The Smoke Signal

What Is Net Neutrality and Why Does the FCC Want to Repeal It?

Ajit+Pai%2C+then-commissioner+for+the+FCC%2C+speaks+at+the+E-Rate+Modernization+Workshop+on+May+5%2C+2014.+Now+chairman%2C+Pai+plans+to+repeal+net+neutrality+rules+with+a+vote+on+December+14.
Ajit Pai, then-commissioner for the FCC, speaks at the E-Rate Modernization Workshop on May 5, 2014. Now chairman, Pai plans to repeal net neutrality rules with a vote on December 14.

Ajit Pai, then-commissioner for the FCC, speaks at the E-Rate Modernization Workshop on May 5, 2014. Now chairman, Pai plans to repeal net neutrality rules with a vote on December 14.

Ajit Pai, then-commissioner for the FCC, speaks at the E-Rate Modernization Workshop on May 5, 2014. Now chairman, Pai plans to repeal net neutrality rules with a vote on December 14.

Kevin Valdez

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The FCC will be voting on December 14 to repeal net neutrality rules, and it may very much change the Internet forever.

Net neutrality is the basic rule that all Internet service providers like AT&T, Verizon, and Comcast, have to treat web data equally. This means that they aren’t able to intentionally block, slow down, or charge extra money for any particular websites.

FCC Chairman Ajit Pai, who was appointed to the position by President Donald Trump, announced plans to roll back net neutrality and its Title II classifications and let the Federal Trade Commission protect consumers, giving telecom companies a huge advantage about what they want to offer. This prompted a ton of backlash from Internet users and celebrities nationwide.

“Keep net neutrality,” junior Deegan Martin said.

Another junior, Cameron Cardoza, didn’t think net neutrality was a big deal and initially agreed with the FCC, but after being told the rules will affect every website including Google and YouTube, two sites he likes to browse, he almost immediately changed his mind.

“I think they should be more balanced because Google’s huge,” Cardoza replied. “I’m now thinking about it; Google’s a giant!”

Gary Diaz, who teaches personal finance and computer applications classes with computers, agrees that net neutrality should still exist.

“If it’s working right now, and it’s working right now because they didn’t have this prior, and it created a problem so they put this into effect and it seems to be working, then why would we want to go back?” he asked.

Ajit Pai wants to scrap the rules because the Federal Trade Commission can protect consumers from broadband providers, but a pending court case that involves AT&T may not have the FTC regulate authority with ISPs.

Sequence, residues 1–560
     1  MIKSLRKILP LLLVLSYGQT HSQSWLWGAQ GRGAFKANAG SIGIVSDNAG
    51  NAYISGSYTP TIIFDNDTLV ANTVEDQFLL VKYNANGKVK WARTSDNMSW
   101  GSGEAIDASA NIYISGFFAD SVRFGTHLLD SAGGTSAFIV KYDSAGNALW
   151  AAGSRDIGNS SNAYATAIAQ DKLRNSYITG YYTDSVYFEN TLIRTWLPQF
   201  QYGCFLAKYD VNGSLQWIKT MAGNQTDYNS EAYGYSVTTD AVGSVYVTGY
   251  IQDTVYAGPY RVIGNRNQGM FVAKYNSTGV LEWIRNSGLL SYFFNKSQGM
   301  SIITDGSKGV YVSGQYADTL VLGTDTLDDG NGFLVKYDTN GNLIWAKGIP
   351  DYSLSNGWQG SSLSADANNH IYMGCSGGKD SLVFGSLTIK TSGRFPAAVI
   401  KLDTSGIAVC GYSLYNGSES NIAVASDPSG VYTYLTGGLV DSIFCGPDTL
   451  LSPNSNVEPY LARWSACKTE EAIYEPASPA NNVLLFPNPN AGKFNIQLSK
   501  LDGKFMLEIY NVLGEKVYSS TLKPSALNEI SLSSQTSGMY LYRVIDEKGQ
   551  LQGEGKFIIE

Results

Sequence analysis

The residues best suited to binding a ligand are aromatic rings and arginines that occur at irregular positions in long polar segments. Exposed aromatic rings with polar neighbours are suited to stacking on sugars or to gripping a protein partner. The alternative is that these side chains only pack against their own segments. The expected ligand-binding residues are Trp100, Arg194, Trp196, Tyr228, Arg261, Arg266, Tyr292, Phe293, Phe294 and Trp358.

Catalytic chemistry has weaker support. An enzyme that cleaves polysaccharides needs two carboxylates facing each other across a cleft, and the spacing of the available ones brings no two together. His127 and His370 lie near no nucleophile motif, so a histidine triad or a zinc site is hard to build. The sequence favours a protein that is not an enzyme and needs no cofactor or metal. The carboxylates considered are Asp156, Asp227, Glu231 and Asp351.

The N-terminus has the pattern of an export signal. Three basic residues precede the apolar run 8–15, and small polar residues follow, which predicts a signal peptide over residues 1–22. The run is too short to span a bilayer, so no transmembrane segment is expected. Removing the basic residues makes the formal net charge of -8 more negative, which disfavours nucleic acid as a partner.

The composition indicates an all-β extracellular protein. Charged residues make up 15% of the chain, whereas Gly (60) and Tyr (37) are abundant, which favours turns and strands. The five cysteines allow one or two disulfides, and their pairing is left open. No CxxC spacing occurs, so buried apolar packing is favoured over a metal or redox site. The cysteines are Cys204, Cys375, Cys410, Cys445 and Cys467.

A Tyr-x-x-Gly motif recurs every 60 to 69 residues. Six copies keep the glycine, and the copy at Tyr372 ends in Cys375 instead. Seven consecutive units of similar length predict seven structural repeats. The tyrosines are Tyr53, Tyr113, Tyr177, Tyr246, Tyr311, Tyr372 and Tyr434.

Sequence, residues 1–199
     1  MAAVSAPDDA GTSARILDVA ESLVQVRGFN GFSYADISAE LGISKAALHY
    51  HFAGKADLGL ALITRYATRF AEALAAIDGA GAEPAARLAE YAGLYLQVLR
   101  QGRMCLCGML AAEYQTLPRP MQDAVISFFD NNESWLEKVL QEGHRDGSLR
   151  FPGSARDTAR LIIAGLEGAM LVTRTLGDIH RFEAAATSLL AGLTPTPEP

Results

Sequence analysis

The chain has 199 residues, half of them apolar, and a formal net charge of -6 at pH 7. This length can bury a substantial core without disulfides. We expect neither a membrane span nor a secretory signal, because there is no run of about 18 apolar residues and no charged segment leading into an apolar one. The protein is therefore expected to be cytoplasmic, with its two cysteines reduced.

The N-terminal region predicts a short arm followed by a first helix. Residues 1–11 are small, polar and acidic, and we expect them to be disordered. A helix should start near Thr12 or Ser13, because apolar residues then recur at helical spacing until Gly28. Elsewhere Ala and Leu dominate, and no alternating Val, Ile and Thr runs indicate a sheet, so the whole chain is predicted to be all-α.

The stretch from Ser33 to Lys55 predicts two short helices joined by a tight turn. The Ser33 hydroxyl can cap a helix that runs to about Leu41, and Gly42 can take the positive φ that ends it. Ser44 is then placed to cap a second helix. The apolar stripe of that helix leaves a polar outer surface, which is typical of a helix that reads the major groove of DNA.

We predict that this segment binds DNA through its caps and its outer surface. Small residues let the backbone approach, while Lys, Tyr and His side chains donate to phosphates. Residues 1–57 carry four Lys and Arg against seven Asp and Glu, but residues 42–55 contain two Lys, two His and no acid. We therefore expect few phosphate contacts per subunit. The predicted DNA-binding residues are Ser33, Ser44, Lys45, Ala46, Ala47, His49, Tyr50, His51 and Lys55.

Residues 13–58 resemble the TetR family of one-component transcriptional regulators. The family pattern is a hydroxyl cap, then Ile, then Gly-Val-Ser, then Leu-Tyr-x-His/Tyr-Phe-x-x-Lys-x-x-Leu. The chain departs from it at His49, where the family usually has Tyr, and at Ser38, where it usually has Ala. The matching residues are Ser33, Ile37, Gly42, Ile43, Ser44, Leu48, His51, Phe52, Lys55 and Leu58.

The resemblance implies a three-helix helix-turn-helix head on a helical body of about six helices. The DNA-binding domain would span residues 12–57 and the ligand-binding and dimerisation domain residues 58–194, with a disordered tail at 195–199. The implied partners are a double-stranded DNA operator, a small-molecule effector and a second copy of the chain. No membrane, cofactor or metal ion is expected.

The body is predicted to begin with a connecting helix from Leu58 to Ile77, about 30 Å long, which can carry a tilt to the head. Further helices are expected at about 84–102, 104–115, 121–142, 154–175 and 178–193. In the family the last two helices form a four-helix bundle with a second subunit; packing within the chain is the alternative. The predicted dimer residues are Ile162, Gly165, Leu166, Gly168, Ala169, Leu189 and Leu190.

“Every Internet group needs to come together like you successfully did three years ago… gamers, YouTube celebrities, Instagram models, Tom from MySpace, if you’re still alive. We need all of you,” John Oliver said on his show Last Week Tonight.

Big and small websites organized one of the biggest online protests ever July 12, with tens and millions of people delivering comments to the FCC and calling and sending emails to their local Congress members.

Ajit Pai was formerly a top lawyer at Verizon from 2001 to 2003 before being appointed to the FCC. Because of this information, thousands of protesters marched to their nearest Verizon stores December 7 to demand Congress to stop the FCC from destroying their Internet.

Despite all possible attempts to persuade the FCC to delay the vote to a later date, Pai’s office released a statement saying that the vote will still proceed on December 14, and that “supporters of heavy-handed Internet regulations are becoming more desperate by the day.” Republican commissioners are expected to pass the legislature with a 3-2 party-line vote.

The vote isn’t exempt from other related controversies. The FCC refused to join an investigation surrounding fraudulent comments that were posted on its website using the names of real people, most of them saying they support repealing net neutrality.

FCC General Counsel Thomas Johnson wrote in a letter to Eric Schneiderman, the Attorney General of New York who organized the investigation, “Revealing the IP addresses of public commenters would also raise significant personal privacy concerns.”

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What Is Net Neutrality and Why Does the FCC Want to Repeal It?